Minor Chieftains

  • The minor chieftains played a significant role in the Sangam period.
  • Among them, Pari, Kari, Ori, Nalli, Pegan, Ay and Adiyaman were popular for their philanthropy and patronage of Tamil poets.
  • They were known as Kadai Yelu Vallalgal.
  • Although they were subordinate to the Chera, Chola and Pandya rulers, they were powerful and popular in their respective regions.

Sangam Polity

  • The hereditary monarchy was the form of government during the Sangam period.
  • The king had also taken the advice of his minister, court – poet and the imperial court or avai.

The Chera kings assumed titles like

  • Vanavaramban
  • Vanavan
  • Kuttuvan
  • Irumporai
  • Villavar

The Chola kings assumed titles like

  • Senni
  • Valavan
  • Killi

The Pandya kings

  • Thennavar
  • Minavar

Each of the Sangam dynasties had a royal emblem

  • Carp for the Pandyas
  • Tiger for the Cholas
  • Bow for the Cheras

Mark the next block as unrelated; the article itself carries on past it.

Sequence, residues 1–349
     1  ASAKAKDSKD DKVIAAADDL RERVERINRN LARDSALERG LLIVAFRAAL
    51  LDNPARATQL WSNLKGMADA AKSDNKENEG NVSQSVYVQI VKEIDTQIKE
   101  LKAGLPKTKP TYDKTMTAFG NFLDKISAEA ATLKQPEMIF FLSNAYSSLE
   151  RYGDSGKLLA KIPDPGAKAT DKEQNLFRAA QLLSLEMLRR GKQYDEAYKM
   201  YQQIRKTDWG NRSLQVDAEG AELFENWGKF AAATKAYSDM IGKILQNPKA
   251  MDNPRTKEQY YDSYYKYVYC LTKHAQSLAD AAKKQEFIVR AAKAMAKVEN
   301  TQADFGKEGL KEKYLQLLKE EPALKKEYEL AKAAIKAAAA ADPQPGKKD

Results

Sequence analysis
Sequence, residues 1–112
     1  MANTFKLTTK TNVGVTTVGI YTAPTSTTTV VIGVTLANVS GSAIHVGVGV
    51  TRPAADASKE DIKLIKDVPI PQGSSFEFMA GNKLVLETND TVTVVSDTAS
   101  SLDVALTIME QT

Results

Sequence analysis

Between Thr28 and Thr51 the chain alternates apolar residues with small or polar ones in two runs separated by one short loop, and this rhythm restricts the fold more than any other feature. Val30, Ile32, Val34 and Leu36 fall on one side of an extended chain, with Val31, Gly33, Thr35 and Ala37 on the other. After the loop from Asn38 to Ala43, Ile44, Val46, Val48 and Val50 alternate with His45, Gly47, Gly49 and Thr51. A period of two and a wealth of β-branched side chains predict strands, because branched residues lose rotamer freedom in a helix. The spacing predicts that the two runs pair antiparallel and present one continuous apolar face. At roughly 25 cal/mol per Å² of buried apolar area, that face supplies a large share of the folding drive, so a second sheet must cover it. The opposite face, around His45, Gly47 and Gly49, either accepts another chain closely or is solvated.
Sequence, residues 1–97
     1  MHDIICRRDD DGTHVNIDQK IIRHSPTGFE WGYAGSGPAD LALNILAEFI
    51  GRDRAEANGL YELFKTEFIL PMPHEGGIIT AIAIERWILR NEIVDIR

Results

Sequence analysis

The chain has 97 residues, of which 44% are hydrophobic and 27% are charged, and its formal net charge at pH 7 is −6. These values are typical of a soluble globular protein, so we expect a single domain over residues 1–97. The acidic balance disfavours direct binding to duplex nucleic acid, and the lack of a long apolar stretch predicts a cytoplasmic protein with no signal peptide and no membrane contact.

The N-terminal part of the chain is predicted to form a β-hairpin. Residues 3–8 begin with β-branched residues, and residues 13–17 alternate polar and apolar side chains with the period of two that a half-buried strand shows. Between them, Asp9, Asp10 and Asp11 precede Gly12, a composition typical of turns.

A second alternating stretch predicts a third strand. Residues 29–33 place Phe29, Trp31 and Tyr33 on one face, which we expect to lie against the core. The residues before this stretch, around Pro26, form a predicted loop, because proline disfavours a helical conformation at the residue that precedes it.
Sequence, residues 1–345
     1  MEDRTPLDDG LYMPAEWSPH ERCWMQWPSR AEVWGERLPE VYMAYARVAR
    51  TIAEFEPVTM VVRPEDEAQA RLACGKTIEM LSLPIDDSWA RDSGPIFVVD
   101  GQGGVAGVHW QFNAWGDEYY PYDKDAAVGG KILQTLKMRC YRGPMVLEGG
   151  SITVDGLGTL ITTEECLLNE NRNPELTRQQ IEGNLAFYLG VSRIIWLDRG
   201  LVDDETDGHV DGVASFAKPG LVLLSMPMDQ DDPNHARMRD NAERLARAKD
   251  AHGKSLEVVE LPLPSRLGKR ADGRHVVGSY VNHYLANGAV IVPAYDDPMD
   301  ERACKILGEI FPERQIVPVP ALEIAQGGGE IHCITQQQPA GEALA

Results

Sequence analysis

The imperial court or avai was attended by a number of chiefs and officials.

The king was assisted by a large body of officials who were divided into five councils. They were

  • Ministers (amaichar)
  • Priests (anthanar)
  • Military commanders (senapathi)
  • Envoys (thuthar)
  • Spies (otrar)
  • The military administration was also efficiently organized during the Sangam Age.
  • Each ruler had a regular army and their respective Kodimaram (tutelary tree).
  • Land revenue was the chief source of the state’s income while custom duty was also imposed on foreign trade.
  • The Pattinappalai refers to the custom officials employed in the seaport of Puhar.
  • Booty captured in wars was also a major income to the royal treasury.
  • Roads and highways were well maintained and guarded night and day to prevent robbery and smuggling.

Sangam Society